Wednesday, June 10, 2015

La France

2007, France, directed by Serge Bozon

Serge Bozon appeared poised to break out, at least on the critical front, with this film but he hasn't been all that active in the interim despite the strengths on display in this  tale of a young woman who goes in search of her husband after she receives a cryptic letter from the front in 1917, disguising herself as a man in order to begin her odyssey and quickly linking up with a small group of soldiers who have been separated from their regiment. The war, obviously, is a constant presence whether it's through the men's accounts of their experiences, their fear of running across spies or enemy soldiers and, from time to time, the rumble of heavy artillery in the distance, but we never see the front lines -- this is a different kind of war story, and one where Bozon quite consciously wants to evoke our imagination of the trenches without depicting them.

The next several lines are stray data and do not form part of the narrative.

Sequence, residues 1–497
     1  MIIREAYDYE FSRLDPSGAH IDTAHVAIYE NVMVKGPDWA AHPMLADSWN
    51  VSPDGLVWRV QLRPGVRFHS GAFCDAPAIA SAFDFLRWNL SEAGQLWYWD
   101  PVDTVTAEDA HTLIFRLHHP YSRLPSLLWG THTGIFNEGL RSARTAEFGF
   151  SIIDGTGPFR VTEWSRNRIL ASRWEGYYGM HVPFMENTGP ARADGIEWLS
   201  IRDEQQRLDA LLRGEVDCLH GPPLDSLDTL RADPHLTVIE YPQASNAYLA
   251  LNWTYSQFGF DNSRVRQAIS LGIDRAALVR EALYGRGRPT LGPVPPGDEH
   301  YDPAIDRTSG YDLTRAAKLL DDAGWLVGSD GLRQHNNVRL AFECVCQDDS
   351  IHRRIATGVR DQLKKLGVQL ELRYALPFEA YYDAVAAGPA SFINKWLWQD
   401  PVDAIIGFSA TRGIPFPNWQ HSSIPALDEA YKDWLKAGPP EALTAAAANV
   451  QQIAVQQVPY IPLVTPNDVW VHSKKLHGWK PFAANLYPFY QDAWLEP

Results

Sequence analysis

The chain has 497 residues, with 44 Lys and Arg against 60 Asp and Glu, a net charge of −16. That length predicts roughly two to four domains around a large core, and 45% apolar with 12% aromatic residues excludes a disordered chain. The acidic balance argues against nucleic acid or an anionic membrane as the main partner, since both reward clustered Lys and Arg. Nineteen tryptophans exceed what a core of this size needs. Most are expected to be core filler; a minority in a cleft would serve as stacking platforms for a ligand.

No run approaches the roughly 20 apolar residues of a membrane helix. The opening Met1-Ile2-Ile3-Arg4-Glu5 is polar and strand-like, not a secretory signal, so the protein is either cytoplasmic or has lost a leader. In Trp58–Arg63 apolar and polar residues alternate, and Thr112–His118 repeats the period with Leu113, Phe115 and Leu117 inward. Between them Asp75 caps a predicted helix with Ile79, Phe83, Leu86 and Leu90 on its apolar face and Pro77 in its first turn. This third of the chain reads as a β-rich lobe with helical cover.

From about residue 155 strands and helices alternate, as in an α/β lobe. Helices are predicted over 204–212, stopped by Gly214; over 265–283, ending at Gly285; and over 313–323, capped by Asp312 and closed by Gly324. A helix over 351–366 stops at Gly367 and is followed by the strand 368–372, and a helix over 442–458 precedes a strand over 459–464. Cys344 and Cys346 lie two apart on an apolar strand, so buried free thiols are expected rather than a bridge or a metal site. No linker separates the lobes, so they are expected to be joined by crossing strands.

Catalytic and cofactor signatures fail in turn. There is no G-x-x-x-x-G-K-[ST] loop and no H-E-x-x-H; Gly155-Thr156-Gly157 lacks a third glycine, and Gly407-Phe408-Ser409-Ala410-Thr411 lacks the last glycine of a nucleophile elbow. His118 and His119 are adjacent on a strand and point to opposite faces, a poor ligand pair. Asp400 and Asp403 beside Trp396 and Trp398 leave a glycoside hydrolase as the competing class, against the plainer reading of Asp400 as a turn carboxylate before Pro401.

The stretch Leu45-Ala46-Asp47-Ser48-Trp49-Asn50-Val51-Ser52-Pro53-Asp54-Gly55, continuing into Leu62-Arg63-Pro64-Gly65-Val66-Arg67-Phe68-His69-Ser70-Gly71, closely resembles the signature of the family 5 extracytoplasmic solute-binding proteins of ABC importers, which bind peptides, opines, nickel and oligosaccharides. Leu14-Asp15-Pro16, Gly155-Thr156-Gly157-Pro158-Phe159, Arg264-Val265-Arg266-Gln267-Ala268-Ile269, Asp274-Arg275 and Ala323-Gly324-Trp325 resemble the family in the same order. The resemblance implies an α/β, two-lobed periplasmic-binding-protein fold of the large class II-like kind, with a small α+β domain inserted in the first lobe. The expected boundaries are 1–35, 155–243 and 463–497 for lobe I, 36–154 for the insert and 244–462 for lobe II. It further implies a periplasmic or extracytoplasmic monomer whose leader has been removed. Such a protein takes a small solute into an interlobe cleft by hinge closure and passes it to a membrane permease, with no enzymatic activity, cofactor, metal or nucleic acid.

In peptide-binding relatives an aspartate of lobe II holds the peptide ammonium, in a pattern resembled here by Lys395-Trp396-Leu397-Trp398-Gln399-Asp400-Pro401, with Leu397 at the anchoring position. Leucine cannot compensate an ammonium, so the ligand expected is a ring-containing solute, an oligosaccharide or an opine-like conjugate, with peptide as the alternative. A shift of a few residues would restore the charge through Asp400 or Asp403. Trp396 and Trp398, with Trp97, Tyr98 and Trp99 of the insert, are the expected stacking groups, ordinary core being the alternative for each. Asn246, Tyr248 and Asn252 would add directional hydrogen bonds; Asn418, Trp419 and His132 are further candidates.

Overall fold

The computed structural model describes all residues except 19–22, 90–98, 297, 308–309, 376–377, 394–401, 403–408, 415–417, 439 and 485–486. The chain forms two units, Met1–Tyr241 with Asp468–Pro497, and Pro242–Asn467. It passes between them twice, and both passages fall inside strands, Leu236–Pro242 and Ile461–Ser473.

To my mind, the strongest French-language analogy is with Maurice Pialat's La Maison des bois, particularly the episode in which a battalion of troops passes through town -- a visible sign of the war but without any direct depiction of the fight. Bozon, like Pialat, is also strong on the bone-weariness of these men, but unlike Pialat he doesn't hew to a strictly realist template, interspersing the film with unusual and anachronistic musical interludes that nonetheless do an effective job of channeling and enhancing the humanity of the men we gradually get to know. I was very impressed by the film, and by the performances -- Testud is excellent as the coltish "boy" while many of the actors playing the soldiers have striking moments in the sun, gifted some fine lines by Bozon.

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Boston, Massachusetts, United States